Hidden bias is the spectre that haunts the workplace—many of us can see it, but it’s effects on workers from marginalized backgrounds is very real. Nearly 50% of black and latina women say they have been mistaken for custodians, even if they were in positions of power within the company. Employees over six feet have been shown to earn more than employees under six feet. Sounds ridiculous, right? It is, but that doesn’t mean it’s not a problem.
The most shocking statistic? Bias can cost you—big time. Forbes revealed that the annual cost of replacing employees due to unfair practices or discrimination was $64 billion dollars. The bias might be hidden, but it’s consequences are right out in the open.
While removing bias will take a concentrated effort on the part of everybody in your workforce, there are things you as a manager can do. Here are four small things you can do to defeat unconscious bias that will have a big impact.
For employees from marginalized backgrounds, it’s important to make your workplace feel like a welcoming and safe place and assure them that they have just as much chance to succeed as everyone else. If you have a large enough workforce, I would suggest setting up a mentorship program that pairs new hires with older, established employees who can show them the ropes around the office and make sure they have all the tools they need.
It’s already an isolating experience to be a new employee at a company, so assigning new hires a person to regularly touch base with and bring their questions to will help bring them into your environment. Be thoughtful when you’re pairing new employees with senior members. If your force is predominantly male and your new employee is female, it might be a good idea to set her up with one of the few female employees as a mentor. People want representation and to know that, by seeing someone of their background, gender, or race can succeed in the workplace that they can as well.
Overall, having a mentorship program in place will help new employees feel like they’re part of the team right away and make them more comfortable sharing their unique perspectives and solutions. The more we allow employees from marginalized backgrounds to establish themselves as part of the team, the faster we reduce bias lurking in our workplace.
Give employees a voice
Don’t leave all decisions in the hands of senior management. For sweeping changes, make sure that all employees have a voice in the company. Initiate surveys—nameless ones are recommended so that employees have total confidence speaking their minds. Your workforce will begin to feel more like a team and you’ll be able to gather data so you can make the best decisions for everybody.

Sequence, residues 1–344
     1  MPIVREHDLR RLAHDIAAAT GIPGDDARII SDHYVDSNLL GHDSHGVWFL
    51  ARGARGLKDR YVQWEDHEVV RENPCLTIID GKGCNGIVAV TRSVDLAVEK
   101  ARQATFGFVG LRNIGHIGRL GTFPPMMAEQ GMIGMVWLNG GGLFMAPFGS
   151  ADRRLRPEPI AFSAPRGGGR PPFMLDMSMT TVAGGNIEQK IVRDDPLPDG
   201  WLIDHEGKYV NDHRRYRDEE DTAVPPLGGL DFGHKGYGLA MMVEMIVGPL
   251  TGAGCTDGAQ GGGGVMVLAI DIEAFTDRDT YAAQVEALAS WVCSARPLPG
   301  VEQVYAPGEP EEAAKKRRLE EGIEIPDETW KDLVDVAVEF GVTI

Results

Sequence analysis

Massive changes around the office are going to leave some employees at a disadvantage. If you want to have a fair workplace where everybody can succeed, you’re going to need to make some accommodations on a case-by-case basis. Remember, employees exist outside the office. Their ability to balance their work and home lives plays an important role in their productivity. So listen to what they have to say, and be willing to make adjustments within reason.
As the manager, the well-being of your employees falls heavily on your shoulders. If diverse team members consistently feel uncomfortable or accusations of unfair treatment keep getting brought up, this is a problem for you to solve. Be accountable and proactive when it comes to dealing with these issues.
When somebody comes to you with accusations of discrimination, take them seriously. Women and employees of color aren’t going to sacrifice their positions with false accusations—if they’re coming to you, it’s because they sincerely believe they’ve been treated unfairly. Right or wrong, you owe it to them to get involved in the situation.
Swap out resumes for Assessments
A great way to remove hidden bias from your workplace is to cut it off at the source—the hiring process.
The fact is this: resumes just aren’t a good source of information to base hiring decisions on. They give you limited information about the employee and, depending on who’s looking at the resume, little things like the employee having a non-traditional (or non-white sounding) name or being from a particular part of town could impact whether or not they get a call-back for an interview.
Because they’re such an inhibitor to fair hiring, why not just get rid of resumes altogether? Instead, opt for pre-hire assessments that will give you a more rounded picture of your applicant. Think about it this way, if they have the skills necessary to do the job you’re hiring for, does it matter if they went to a university or trade school? If they have the right capabilities, does it matter where they gained their experience or if they even have experience in the areas you think are relevant? If the position can be done completely virtually, why only search for people in your area? The hiring process needs restructuring from top to bottom, but making the change from resumes to assessments is the start of eradicating bias.